By Michelle Francl-Donnay

O Lord, we look to you; your name and your title are the desire of our souls. My soul yearns for you in the night, yes, my spirit within me keeps vigil for you. — Isaiah 26:8b-9a.

I’ve been suffering from an ear worm all afternoon, five measures of music that I can’t shake out of my head. The more firmly I try to squelch the annoying snippet, the wilder the cognitive conga dance becomes, snaking through my thoughts as I listen to a talk about organic chemistry and chasing me as I chop onions for dinner.

Experience tells me if I just ignore the cerebral itch, it will have vanished when I wake up in the morning. The same cannot be said for the recurring fragment that has been haunting my prayer for almost a year.

The metaphorical itch began last Advent, when Jesuit Father Paul Campbell posted a wisdom tale on his blog, “People for Others.” The story begins with a hermit meditating by a river when he is approached by a young man who wants to know how to find God. In response, the hermit pushes the young man into the river and holds him under water. When the young man comes up gasping for breath, the hermit asks him what he most desired. “Air!” He responds. “Go home,” says the hermit, “and come back to me when you want God as much as you just wanted air.”

I can’t shake the question out of my head: do I want God as much as I want air? Can I say unhesitatingly, as does Isaiah, that God is the desire of my soul, who my soul yearns for in the night? In one form or another the question has threaded its way through my prayer from Advent to Easter and into the long stretch of Ordinary Time. I have no answers; I can only say that I am unwilling to banish the question.

As Advent rolls around again, the question continues to insinuate itself into my meditations, but it’s taken on a new urgency. This is, after all, a season replete with anticipation, a season that looks to the time when God will come. What am I waiting for? Exactly how eager am I for its arrival?

Anticipation comes from the Latin capere, to seize. To anticipate means more than to expect, more than looking forward to what will come. To anticipate is to grasp the future possibilities now, not when they finally arrive. The prophets anticipated the reality of Christ’s coming, waiting for God to fulfill His promises with such an “aching intensity” that they became part of what was yet to unfold. St. Jerome called Isaiah more evangelist than prophet, and counted him among the apostles. Some ancient commentators have gone so far as to suggest that if all four gospels were lost to us, the whole of the Good News could be found in Isaiah; it’s a “fifth gospel!”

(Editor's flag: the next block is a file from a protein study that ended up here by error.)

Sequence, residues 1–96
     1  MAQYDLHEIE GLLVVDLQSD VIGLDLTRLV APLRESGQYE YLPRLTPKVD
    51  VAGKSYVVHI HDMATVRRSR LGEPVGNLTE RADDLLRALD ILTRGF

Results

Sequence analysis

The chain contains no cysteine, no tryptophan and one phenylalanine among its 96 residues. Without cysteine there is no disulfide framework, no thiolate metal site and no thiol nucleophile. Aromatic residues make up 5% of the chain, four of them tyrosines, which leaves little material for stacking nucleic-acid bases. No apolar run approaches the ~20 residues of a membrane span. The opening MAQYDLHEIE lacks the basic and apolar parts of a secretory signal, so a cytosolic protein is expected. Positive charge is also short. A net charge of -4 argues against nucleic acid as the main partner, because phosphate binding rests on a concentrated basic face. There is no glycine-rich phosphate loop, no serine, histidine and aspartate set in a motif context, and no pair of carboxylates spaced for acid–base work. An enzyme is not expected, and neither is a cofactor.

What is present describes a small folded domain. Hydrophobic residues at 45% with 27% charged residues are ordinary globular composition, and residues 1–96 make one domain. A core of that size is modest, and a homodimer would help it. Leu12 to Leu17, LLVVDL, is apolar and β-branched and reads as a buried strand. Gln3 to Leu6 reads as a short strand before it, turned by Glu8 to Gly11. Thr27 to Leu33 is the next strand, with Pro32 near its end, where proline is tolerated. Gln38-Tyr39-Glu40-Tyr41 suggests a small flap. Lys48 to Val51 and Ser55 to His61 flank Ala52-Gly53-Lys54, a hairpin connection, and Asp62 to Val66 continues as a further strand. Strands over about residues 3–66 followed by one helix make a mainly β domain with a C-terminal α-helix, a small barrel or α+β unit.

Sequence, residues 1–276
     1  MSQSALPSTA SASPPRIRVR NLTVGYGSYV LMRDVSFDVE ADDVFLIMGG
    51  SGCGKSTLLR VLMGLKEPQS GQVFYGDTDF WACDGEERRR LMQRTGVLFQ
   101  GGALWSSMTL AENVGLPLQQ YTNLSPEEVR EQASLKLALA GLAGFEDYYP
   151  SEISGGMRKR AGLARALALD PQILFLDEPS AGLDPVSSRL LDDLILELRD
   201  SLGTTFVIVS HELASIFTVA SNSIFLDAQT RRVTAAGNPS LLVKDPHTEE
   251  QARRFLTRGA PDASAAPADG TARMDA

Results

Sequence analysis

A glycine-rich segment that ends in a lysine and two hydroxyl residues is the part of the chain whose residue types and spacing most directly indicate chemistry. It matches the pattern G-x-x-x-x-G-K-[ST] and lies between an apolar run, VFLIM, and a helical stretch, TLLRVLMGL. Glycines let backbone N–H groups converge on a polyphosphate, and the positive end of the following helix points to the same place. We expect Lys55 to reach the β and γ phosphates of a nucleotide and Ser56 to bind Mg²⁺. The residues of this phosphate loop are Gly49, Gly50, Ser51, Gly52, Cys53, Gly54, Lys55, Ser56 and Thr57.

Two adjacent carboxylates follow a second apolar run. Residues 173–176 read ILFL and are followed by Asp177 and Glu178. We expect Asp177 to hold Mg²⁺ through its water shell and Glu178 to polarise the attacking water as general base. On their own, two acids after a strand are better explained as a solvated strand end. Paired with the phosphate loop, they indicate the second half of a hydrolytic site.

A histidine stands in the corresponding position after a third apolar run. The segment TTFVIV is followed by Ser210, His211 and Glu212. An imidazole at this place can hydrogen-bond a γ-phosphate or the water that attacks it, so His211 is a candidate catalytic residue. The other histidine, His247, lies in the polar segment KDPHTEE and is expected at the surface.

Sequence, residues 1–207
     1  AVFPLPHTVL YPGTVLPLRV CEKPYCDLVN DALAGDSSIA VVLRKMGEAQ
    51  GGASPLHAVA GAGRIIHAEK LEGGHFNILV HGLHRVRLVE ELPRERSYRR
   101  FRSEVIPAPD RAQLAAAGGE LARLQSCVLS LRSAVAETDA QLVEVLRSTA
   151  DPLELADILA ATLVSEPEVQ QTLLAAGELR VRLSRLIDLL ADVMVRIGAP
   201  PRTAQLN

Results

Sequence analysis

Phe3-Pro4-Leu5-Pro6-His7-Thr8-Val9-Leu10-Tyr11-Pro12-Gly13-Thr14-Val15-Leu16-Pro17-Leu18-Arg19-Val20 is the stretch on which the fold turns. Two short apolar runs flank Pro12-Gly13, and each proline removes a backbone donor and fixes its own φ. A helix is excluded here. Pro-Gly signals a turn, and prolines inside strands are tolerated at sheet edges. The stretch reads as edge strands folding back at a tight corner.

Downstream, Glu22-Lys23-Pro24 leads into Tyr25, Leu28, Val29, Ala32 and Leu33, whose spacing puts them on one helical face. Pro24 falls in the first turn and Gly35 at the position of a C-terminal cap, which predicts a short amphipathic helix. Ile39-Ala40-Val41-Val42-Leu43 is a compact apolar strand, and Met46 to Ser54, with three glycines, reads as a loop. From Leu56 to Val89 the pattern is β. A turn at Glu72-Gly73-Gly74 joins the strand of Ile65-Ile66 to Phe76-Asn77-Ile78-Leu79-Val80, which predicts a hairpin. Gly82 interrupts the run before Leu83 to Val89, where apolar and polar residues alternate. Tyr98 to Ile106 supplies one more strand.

Theologian Dietrich Bonhoeffer worried that in our almost routine expectation of the glad tidings of Christmas, we no longer felt “the shiver of fear that God’s coming should arouse in us.” We forget that in His coming God lays claim to us. I wonder if my unwillingness to let go of the question of whether I long for God as for air is a step toward a deeper awareness of what Christmas brings to earth. And if my inability to wholeheartedly answer “yes” reflects a touch of fear, an awareness that such an answer is an offer to let God be at work within me.

In the readings this second week of Advent, Isaiah’s words glow with promise, “the eyes of the blind will be opened” but are also tinged with God’s claim on us, “if you hearken to my commandments, your prosperity would be like a river.” These are words meant to arouse our longings — and our consciences.

I still have no answer to the question that hovers over my prayer, but I can imagine that the spanine asker is anticipating my reply. The Holy Spirit is not waiting on my “yes” or “no” but offering me the prophet’s way of anticipation. A way that cannot help but live and breathe what it awaits. Reflecting on the tale of the hermit and the young man, Father Campbell has no answers either, “This much I know, I want to want God as much as air. That’ll have to do for the present.”

I, too, am willing to want to want God with all my being. Isaiah reminds us that God anticipates our desires: I am the Lord, your God, who grasps your right hand; It is I who say to you, “Fear not, I will help you.” That’ll have to do.

Michelle Francl-Donnay is a member of Our Mother of Good Counsel Parish in Bryn Mawr.